Smart Pad Reservoir Production Machine for Oil Sands SAGD Operations

Wang, Jing Yi Jacky (University of Calgary) | Gates, Ian Donald (University of Calgary) | Guo, Tao (University of Calgary)

OnePetro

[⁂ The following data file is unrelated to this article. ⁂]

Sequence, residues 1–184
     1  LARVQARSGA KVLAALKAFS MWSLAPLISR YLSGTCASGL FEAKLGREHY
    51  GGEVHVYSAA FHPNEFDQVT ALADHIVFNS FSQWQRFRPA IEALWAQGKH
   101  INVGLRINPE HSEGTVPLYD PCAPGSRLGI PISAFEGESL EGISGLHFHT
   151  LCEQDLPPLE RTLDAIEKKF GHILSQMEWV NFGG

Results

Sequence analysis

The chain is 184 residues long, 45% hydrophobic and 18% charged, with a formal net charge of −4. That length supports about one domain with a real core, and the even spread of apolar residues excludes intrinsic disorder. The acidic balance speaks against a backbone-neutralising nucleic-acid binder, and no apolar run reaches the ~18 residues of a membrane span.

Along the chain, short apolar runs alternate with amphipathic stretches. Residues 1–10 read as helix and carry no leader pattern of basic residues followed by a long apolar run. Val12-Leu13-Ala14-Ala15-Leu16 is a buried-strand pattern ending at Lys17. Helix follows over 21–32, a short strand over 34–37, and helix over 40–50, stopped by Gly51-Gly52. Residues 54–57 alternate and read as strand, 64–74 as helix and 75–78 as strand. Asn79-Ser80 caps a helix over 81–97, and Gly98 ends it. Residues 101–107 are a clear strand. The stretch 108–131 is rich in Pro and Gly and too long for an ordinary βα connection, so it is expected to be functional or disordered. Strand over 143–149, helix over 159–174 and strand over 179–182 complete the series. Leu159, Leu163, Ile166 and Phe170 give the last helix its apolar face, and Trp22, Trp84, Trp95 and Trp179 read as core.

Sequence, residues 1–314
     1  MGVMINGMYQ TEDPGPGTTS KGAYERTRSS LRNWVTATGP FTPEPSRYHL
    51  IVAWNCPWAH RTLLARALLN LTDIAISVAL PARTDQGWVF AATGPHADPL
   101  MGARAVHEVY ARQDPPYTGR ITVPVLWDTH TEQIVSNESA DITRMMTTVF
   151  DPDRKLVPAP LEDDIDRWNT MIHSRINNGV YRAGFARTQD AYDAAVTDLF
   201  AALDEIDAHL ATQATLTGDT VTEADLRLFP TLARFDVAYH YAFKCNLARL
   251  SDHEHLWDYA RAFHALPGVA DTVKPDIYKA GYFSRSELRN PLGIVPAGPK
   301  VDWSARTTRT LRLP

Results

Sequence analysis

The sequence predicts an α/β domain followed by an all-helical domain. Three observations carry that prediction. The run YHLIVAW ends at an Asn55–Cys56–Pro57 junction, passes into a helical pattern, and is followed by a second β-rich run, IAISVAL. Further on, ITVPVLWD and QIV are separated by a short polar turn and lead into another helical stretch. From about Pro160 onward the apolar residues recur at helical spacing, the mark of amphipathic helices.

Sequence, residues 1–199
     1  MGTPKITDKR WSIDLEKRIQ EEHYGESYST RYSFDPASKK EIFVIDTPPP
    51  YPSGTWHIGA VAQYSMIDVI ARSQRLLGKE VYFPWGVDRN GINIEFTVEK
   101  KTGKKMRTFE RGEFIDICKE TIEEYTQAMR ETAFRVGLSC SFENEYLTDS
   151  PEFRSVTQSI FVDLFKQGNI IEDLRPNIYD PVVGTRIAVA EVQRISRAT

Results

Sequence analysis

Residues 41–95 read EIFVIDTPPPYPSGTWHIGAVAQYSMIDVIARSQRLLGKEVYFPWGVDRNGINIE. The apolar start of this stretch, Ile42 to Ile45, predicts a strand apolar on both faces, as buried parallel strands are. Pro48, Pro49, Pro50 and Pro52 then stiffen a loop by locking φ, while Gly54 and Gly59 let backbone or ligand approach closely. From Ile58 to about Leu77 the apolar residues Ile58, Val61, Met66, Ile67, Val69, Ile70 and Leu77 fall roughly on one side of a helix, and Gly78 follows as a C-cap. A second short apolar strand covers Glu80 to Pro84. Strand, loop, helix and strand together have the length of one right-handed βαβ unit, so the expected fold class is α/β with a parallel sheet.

The Steam Assisted Gravity Drainage (SAGD) process is widely used in the Athabasca oil sands deposit to recover bitumen. Since the viscosity of bitumen is high at original reservoir conditions, heat is required to lower its viscosity to the point it becomes mobile enough to be recovered under gravity drainage. To heat the reservoir, steam is injected into the formation and thus SAGD is energy intense - on average, the steam-to-oil ratio (SOR) is equal to about 3.5 m3 (expressed as cold water equivalent) of steam injected per m3 of bitumen produced. Given that the fuel used to generate steam is the largest operating cost, the SOR is a key parameter for evaluating the economics of any SAGD project. The target for many SAGD operations is a SOR lower than 2.5 m3/m3. Here, we explore the use of dynamic distributed steam injection within a pad of SAGD wellpairs controlled via a Proportional-Integral-Derivative (PID) feedback controller, a concept we refer to as Smart Pad. The Smart Pad Reservoir Production Machine is designed to dynamically distribute steam injection along multiple well pairs so that over a period of operation, the pad-scale cSOR is dynamically improved as the process evolves. First, a method to condition the PID control gains is described and second, the controller is applied to a multiple well pair SAGD pad in an oil sands reservoir with a top water zone. The results demonstrate that automated control can lead to improvements of the SOR over that of constant pressure. The results show that automated PID control is able to detect the "sweet spots?? (oil zones with better geological properties) in the reservoir and dynamically deliver more steam to that region. Meanwhile, it reduces the steam injection towards relatively worse reservoir quality zones, i.e. shale barriers, high permeability channel to the top water zone, to lower the local SOR. In this manner, the PID feedback controller provides an efficient method to recovery bitumen in SAGD operation, especially during the first 7-10 years' operation, where it helps to achieve a relatively low cSOR and maintain a normal level of oil recovery. Also, the PID controller reduces the degree of dependence of SAGD operation on the geological conditions of the reservoir. The algorithm described could be applied to any operating or new SAGD pad.